Prepared Foods January 17, 2005 enewsletter

Vending machines are getting their own color-coded safety guide as part of a campaign started by the vending industry to fight childhood obesity and fend off efforts to remove the machines from schools.

The program, led by the National Automatic Merchandising Association, released a nutritional rating system, which sticks a colored label next to chips, trail mix, candy bars, cookies and crackers in vending machines.

Each color scores the product on its nutritional worth.

Richard Geerdes, president of the Washington trade group representing the $30 billion industry, said vending-machine operators would work primarily with school systems to set up the program this year.

About 16.3% of the nation's 7 million vending machines are found in school campuses and colleges, Geerdes said.

The trade association has invested about $1.5 million in the campaign so far.

Some 15% of American children are overweight or obese, according to the Centers for Disease Control and Prevention.

"We know that there is a problem with childhood obesity in this country, and we want to be part of the solution instead of unfairly being labeled as part of the problem," Geerdes said, referring to numerous school boards nationwide that have cut back on or banned school vending machines.

The snacks were scored on a point basis. The system gives a point to foods rich in calcium, protein, fiber, iron and vitamins A and E while taking away points from those high in sugars, fats and calories.

A poster explaining the ratings will be placed on the outside of each machine.

At the vending-machine-association press conference, green stickers were placed on items such as pretzels, Nutri-Grain cereal bars and Go-Gurt yogurt, advising consumers to frequently choose those items.

Other products like Wheat Thins, Starburst Fruit Chews and SnackWell's cookies were labeled yellow, suggesting to choose occasionally.

Austin crackers, Snickers, chocolate chip cookies and Doritos chips were labeled red, which advises to eat those products rarely.

The campaign comes amid a growing movement by food companies to offer healthier alternatives to their fatty products. Oreo cookie maker Kraft Foods Inc. recently announced that the company will focus its children's advertising on healthier fare and highlight nutritional information on its packaging.

The Center for Science in the Public Interest, a Washington health advocacy group that has pressured lawmakers and school boards to ban vending machines in schools, called the campaign a "public-relations ploy."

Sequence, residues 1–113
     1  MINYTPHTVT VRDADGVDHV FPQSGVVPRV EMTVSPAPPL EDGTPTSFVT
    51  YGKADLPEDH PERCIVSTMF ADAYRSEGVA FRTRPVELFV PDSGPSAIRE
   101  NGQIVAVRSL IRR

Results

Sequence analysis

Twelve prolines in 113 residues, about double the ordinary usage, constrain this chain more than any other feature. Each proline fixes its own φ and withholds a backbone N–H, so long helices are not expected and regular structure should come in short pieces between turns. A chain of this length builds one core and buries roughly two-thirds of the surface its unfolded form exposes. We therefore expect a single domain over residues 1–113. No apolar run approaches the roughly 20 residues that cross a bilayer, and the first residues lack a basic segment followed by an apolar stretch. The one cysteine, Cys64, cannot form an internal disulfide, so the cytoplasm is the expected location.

The center's executive director, Michael F. Jacobson, called for Lynn Swann, who appeared at the press conference to promote physical activity in schools, to be fired as chairman of the President's Council on Physical Fitness and Sports.

Swann, an NFL Hall of Famer who played wide receiver for the Pittsburgh Steelers, said he attended as a private citizen, adding "it is not a conflict of interest."

While the campaign does not insulate the vending-machine operators from class-action obesity lawsuits, it does put the industry in a better standing with the court, said Louise Ellingsworth, a class-action defense lawyer.

"Certainly in the environment we are in now, proactive steps by an industry appear to be very appreciated," said Ellingsworth, a partner at the Kansas City, Mo., office of international law firm Bryan Cave LLP.

The vending industry's message, of snacking moderately and exercising daily, mirrored the government's dietary guidelines released earlier in the week.

The campaign will closely monitor sales to determine its success, Geerdes said.

The program is only geared toward snack machines, but Geerdes said the campaign plans to develop a similar program for beverage machines. The American Beverage Association, a Washington trade group for the nonalcoholic beverage industry, said it had no immediate plans to join the campaign.

Local vending-machine operators said it was too soon to know if many schools will participate in the campaign.

"We just announced this, but we're hoping schools will get on board," said Craig Kushner, president of Monumental Vending. However, Dominic Finelli, an owner of Custom Vending Co., said he was skeptical the program would change children's eating habits.

"We put a warning label on cigarettes; some folks followed the label, and some didn't. I think it could work the same way with snacks. Ultimately, it's up to the school or company as to what they sell," Finelli said.